Thomas Steven Sanders is scheduled to face a federal magistrate Friday at a detention hearing in Alexandria, La., on a kidnapping charge. Sheriff James Kelly in Louisiana's central Catahoula Parish, where the girl's body was discovered last month, said his department will charge Sanders with first-degree murder once federal prosecutors finish processing him on the kidnapping charge.
Federal prosecutors had charged Sanders with kidnapping Lexis Roberts after his arrest Sunday at a Gulfport, Miss., truckstop. Sanders was transferred to Louisiana the next day. Sheriff's Investigator Toney Edwards in Catahoula Parish said authorities there expect to book Sanders early next week.
Lexis Roberts' body was found off a dirt road Oct. 8. She had been shot, Edwards said. Authorities said security cameras showed Sanders buying ammunition Sept. 3 at a Walmart in Las Vegas and the bullets were consistent with the weapon used to kill Lexis.
Sanders, 53, is also a suspect in the disappearance of the girl's mother, 31-year-old Suellen Roberts, who is now presumed dead, according to officials.
Authorities said remains found Monday in northwestern Arizona's Yavapai County are likely those of the girl's mother.
It could take a week for officials to positively identify the body through dental records and other means, Yavapai County Sheriff's spokesman Dwight D'Evelyn said Wednesday. The sheriff's department said clothing and other items recovered at the scene lead them to strongly believe the body is Suellen Roberts.
Sanders and Suellen Roberts were in a relationship after meeting a few months ago in Las Vegas and planned a road trip for Labor Day weekend when the woman and daughter disappeared, authorities said.
"It's such a complicated case - a dead man who's wanted for murder. All the different states involved. There's even different jurisdictions within the states that are involved," Kelly said.
John Weber, a public defender who represented Sanders at a brief hearing in Mississippi, said a new lawyer in Louisiana will be appointed to represent Sanders in the federal case.
Weber said Sanders agreed during the hearing in Mississippi to return to Louisiana, where the kidnapping charge originated. Weber had no other comment.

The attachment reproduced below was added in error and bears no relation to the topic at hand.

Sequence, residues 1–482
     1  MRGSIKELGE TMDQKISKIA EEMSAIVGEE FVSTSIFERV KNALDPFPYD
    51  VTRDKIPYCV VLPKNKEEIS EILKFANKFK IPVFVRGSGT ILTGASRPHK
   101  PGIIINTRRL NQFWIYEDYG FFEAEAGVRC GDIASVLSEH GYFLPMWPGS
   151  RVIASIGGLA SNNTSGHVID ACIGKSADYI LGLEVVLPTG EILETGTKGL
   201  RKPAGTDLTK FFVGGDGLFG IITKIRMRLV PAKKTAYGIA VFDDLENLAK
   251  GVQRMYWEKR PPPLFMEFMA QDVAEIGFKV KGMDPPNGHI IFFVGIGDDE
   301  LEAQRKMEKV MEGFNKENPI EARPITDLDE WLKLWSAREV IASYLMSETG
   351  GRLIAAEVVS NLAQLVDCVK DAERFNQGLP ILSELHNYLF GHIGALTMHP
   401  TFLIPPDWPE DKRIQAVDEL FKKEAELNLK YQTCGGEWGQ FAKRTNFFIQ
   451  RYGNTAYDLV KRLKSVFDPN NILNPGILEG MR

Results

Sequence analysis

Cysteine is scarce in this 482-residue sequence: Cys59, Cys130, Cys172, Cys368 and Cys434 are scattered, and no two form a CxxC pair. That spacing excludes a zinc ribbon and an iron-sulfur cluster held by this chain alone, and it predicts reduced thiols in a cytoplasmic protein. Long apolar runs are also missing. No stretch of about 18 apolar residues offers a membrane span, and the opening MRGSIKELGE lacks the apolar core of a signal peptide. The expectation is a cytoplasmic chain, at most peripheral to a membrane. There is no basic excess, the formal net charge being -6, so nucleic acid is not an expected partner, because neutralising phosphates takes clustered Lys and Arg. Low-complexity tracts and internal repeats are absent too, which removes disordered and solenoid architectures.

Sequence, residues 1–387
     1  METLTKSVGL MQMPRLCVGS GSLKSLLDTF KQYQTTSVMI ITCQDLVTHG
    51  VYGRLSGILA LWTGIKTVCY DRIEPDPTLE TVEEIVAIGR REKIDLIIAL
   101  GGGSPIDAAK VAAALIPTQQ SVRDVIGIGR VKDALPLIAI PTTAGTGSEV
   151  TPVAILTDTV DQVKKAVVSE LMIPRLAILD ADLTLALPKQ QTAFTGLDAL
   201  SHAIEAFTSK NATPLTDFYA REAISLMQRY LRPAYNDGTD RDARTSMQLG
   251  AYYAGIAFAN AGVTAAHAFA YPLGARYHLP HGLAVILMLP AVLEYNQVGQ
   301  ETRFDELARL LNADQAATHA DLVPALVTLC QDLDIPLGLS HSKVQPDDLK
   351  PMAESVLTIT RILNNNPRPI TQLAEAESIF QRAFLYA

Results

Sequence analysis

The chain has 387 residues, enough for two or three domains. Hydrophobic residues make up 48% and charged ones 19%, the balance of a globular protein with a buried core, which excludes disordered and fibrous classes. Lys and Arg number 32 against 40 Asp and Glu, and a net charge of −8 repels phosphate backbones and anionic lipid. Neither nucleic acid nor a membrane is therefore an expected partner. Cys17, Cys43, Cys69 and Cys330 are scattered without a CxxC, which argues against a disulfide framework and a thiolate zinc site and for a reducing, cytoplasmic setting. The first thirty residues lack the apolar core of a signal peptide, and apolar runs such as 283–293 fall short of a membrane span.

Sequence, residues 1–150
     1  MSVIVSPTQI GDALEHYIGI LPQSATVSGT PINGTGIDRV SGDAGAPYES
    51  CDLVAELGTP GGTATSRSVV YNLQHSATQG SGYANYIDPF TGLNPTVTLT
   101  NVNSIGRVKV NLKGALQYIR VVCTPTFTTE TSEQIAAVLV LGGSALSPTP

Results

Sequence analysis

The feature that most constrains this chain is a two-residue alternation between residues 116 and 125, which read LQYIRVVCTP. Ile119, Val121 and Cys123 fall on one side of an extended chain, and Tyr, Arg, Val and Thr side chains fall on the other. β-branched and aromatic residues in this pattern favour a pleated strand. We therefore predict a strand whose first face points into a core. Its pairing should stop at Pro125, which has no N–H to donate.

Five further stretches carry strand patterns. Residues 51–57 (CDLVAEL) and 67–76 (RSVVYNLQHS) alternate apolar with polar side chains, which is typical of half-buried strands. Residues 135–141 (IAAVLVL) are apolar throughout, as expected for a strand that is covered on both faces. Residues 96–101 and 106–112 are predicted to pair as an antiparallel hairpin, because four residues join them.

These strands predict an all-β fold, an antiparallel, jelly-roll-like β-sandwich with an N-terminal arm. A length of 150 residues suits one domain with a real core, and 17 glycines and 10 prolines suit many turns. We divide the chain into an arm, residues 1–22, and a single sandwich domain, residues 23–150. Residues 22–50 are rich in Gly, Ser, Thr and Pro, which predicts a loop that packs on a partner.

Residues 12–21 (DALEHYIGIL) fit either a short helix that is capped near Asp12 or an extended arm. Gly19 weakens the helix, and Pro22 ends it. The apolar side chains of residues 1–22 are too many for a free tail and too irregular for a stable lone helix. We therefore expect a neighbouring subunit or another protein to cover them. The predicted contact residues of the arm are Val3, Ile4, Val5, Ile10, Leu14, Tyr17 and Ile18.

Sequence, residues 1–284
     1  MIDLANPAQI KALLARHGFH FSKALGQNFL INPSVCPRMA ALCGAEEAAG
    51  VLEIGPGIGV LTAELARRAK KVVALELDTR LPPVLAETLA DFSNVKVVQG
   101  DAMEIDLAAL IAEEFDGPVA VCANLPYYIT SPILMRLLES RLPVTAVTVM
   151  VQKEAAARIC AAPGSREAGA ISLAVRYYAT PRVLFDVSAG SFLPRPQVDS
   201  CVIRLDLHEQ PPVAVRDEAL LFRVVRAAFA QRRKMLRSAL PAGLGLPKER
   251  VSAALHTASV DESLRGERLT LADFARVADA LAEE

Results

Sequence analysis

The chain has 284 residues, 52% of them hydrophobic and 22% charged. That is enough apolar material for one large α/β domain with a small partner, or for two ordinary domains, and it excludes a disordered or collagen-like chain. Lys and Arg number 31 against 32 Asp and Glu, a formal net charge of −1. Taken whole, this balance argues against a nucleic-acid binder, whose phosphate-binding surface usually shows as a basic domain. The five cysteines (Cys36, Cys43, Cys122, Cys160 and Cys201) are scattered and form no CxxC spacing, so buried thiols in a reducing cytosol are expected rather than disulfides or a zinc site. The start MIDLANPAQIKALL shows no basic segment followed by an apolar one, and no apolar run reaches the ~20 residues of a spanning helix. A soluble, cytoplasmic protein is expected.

Sanders' family petitioned a Mississippi court to have him declared dead in 1994. The family had not heard from him since 1987 and his wife had divorced him the following year, according to court records obtained by the media.
Even though he had been legally declared dead, Sanders lived unnoticed by authorities despite being arrested several times under his real name.
Much of his past is a mystery. He didn't buy property and establish many bills in his name, things that create a paper trail for most people. The most definitive accounts of Sanders' life after being declared dead come from arrest reports. Even some of those are sketchy.
Jim Knoll, a police spokesman in Clarksville, Tenn., said Sanders was arrested there in November 2002 for driving on a revoked license. Police records indicated he had a Tennessee identification, though he was from McComb, Miss. He used an address for a room at a local motel where most residents are transients. He was arrested in Tennessee again in March 2003 for alleged possession of drug paraphernalia.
He also was sentenced to two years in Georgia for simple battery. State and federal authorities said that charge involved a minor, but they haven't elaborated.
He has been traced to Mississippi, Louisiana, Tennessee, Georgia and Nevada. He worked as a laborer, a welder and a scrap metal collector. Authorities said he sometimes gave his name as Tom or Steve or the nickname "Spider."
He signed court documents in the kidnapping case as T.S. Sanders.
Associated Press Writer Kristin Hall contributed to this report from Clarksville, Tenn.